There must’ve been some choice words in the offices of Pitcher Partners Melbourne after a court refused Andrew Yeo and Gess Rambaldi’s application for judicial indulgence in respect of the late submission of evidence critical to a $6 million plus claim for insolvent trading against Simon Freeman of LGL Commodities.
Those choice words however remain unpublished, whereas as can be learned from LGL Commodities Pty Ltd (in liq)  VSC 809, the choice words of Victorian Supreme Court judge Chris Delany in respect of Yeo, Rambaldi and their lawyers at Gadens are very much in the public domain.
“The solicitors for Mr Freeman repeatedly warned the Liquidators of the need to prove their case and of the fact that they had not identified any documents to be tendered or any evidence upon which they would rely in order to do so.” Justice Chris Delany.
“They did so on 17 July 2017, 31 July 2019 when serving Mr Freeman’s witness statement, 12 August 2019, 29 August 2019 and 18 September 2019.
“The correspondence gave repeated warnings, including on 29 August 2019 expressly drawing attention to the duty of the Liquidators to continually review and assess prospects of claims brought by them.
“There is no evidence, and no explanation has been provided concerning the failure to heed such repeated and explicit warnings of the need for the Liquidators to prove their case,” his honour said.
Put simply, the failure of the Pitchers pair and Gadens to comply with a self-executing order has seen a trial that was scheduled to run for up to 10 days abandoned, orders made that the liquidators pay costs that sources estimate exceed $500,000, the possible rupturing in their relationship with their funder Litigation Lending and the placing on the public record of his honour’s choice words.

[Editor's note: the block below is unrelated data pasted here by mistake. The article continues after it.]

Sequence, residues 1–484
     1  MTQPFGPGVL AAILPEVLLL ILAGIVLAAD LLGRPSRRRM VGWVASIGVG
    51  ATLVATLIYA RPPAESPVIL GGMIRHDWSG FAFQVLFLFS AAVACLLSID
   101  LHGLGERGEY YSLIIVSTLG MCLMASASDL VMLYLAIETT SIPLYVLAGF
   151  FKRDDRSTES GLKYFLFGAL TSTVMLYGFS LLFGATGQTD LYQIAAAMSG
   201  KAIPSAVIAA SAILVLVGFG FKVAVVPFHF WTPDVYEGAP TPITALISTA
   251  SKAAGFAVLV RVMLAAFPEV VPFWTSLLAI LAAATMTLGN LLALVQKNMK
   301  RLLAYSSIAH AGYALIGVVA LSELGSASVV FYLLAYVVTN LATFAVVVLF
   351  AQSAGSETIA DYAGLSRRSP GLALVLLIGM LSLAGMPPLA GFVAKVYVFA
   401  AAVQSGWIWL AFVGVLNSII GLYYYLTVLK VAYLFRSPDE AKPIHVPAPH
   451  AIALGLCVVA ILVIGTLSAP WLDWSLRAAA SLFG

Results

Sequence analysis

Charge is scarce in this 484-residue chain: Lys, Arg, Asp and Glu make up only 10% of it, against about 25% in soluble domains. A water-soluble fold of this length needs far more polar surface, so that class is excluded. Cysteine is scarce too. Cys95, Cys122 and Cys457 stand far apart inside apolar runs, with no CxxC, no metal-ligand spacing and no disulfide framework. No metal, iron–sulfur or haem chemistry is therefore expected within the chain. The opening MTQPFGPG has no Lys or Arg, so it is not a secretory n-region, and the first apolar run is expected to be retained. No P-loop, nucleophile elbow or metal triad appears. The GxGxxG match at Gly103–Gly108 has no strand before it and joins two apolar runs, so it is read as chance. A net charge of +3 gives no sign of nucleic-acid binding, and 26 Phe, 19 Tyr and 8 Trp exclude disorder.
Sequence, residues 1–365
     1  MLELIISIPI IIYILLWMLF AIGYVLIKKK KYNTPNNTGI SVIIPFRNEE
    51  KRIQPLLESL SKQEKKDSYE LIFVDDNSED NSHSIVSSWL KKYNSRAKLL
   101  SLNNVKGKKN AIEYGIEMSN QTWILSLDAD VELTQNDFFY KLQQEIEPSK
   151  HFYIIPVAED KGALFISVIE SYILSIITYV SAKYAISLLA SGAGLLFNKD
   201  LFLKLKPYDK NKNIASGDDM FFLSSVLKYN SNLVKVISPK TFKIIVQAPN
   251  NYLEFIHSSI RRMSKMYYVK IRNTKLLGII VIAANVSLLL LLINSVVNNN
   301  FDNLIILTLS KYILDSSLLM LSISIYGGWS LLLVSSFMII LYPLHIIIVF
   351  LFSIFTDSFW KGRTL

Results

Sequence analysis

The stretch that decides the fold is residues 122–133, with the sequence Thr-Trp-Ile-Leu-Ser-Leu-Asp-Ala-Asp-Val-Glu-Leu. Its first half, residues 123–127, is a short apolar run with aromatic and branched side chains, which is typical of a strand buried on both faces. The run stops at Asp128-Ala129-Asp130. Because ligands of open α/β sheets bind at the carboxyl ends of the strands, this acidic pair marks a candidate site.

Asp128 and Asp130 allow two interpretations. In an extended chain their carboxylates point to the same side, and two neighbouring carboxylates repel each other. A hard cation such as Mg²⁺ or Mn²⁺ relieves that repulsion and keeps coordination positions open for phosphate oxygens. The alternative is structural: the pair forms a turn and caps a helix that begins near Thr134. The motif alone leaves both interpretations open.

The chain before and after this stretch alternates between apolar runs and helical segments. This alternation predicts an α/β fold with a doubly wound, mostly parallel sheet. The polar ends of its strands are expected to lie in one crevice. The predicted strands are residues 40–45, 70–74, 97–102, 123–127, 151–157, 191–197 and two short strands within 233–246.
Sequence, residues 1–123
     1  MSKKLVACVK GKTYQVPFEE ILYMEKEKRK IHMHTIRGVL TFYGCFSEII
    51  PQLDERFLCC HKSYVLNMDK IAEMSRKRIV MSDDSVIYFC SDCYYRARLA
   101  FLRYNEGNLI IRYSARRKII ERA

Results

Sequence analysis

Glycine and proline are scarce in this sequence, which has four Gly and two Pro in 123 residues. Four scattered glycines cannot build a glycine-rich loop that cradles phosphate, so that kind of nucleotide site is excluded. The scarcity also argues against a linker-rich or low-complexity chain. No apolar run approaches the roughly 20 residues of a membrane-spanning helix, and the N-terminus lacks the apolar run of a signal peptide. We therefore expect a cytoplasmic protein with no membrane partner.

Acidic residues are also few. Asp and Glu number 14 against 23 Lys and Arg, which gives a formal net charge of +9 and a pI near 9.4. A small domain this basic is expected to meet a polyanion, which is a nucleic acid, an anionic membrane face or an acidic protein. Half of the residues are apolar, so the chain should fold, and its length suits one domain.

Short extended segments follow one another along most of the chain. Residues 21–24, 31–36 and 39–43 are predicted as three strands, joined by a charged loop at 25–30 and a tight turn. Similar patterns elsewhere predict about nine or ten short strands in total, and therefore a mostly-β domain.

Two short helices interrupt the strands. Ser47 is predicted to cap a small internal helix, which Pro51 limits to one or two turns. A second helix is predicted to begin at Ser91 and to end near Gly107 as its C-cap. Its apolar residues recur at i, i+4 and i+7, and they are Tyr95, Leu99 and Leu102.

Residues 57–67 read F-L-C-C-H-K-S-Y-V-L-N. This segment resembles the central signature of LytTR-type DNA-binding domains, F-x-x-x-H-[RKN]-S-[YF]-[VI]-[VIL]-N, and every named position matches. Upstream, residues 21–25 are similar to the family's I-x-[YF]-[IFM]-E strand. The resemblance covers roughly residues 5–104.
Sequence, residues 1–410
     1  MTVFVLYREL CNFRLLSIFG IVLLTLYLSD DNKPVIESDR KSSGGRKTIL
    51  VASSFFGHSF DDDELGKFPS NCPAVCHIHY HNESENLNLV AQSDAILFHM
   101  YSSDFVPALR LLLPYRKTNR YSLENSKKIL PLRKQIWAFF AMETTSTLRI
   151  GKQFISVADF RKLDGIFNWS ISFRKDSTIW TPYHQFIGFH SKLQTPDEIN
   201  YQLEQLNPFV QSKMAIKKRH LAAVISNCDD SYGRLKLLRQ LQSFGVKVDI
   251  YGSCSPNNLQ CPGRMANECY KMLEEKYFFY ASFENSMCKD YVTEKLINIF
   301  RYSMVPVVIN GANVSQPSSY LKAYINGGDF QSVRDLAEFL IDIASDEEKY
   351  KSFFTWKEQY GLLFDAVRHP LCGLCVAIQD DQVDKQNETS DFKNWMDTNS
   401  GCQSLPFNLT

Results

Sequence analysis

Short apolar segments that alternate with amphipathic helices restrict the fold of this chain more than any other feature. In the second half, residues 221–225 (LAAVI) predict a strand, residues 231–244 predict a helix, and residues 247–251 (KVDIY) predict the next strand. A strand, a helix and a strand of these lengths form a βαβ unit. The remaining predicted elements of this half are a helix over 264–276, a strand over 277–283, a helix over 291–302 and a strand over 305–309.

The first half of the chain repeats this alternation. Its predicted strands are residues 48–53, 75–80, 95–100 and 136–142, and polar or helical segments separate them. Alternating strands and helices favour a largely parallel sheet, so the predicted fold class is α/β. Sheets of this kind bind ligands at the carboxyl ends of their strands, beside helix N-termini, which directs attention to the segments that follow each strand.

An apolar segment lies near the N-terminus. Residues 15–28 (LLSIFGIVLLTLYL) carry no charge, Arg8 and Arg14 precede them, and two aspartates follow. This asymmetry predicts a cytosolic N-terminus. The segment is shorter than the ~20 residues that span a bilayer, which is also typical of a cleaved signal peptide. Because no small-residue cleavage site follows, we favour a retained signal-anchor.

“On 20 April 2020 the Court ordered that by 4 May 2020, the Liquidators file and serve any expert evidence as to solvency, any lay evidence and/or summaries prepared pursuant to s 50 of the Evidence Act 2008 (Vic) proving the assumptions relied upon in their expert evidence as to solvency, and a supplementary list of documents upon which they intend to rely at trial. The order provided that if the Liquidators failed to comply with that order, that the proceeding be struck out,” Justice Delany said.
“The failure on the part of the liquidators to prepare the required evidence on two critical elements of the claim has occurred in the context of repeated warnings by the solicitors acting on behalf Mr Freeman of the need for Liquidators to prove their case,” the judge said.
“The Liquidators failed to heed those warnings and their solicitors failed to act on them.” Support INO’s continued chronicling of the insolvency sector.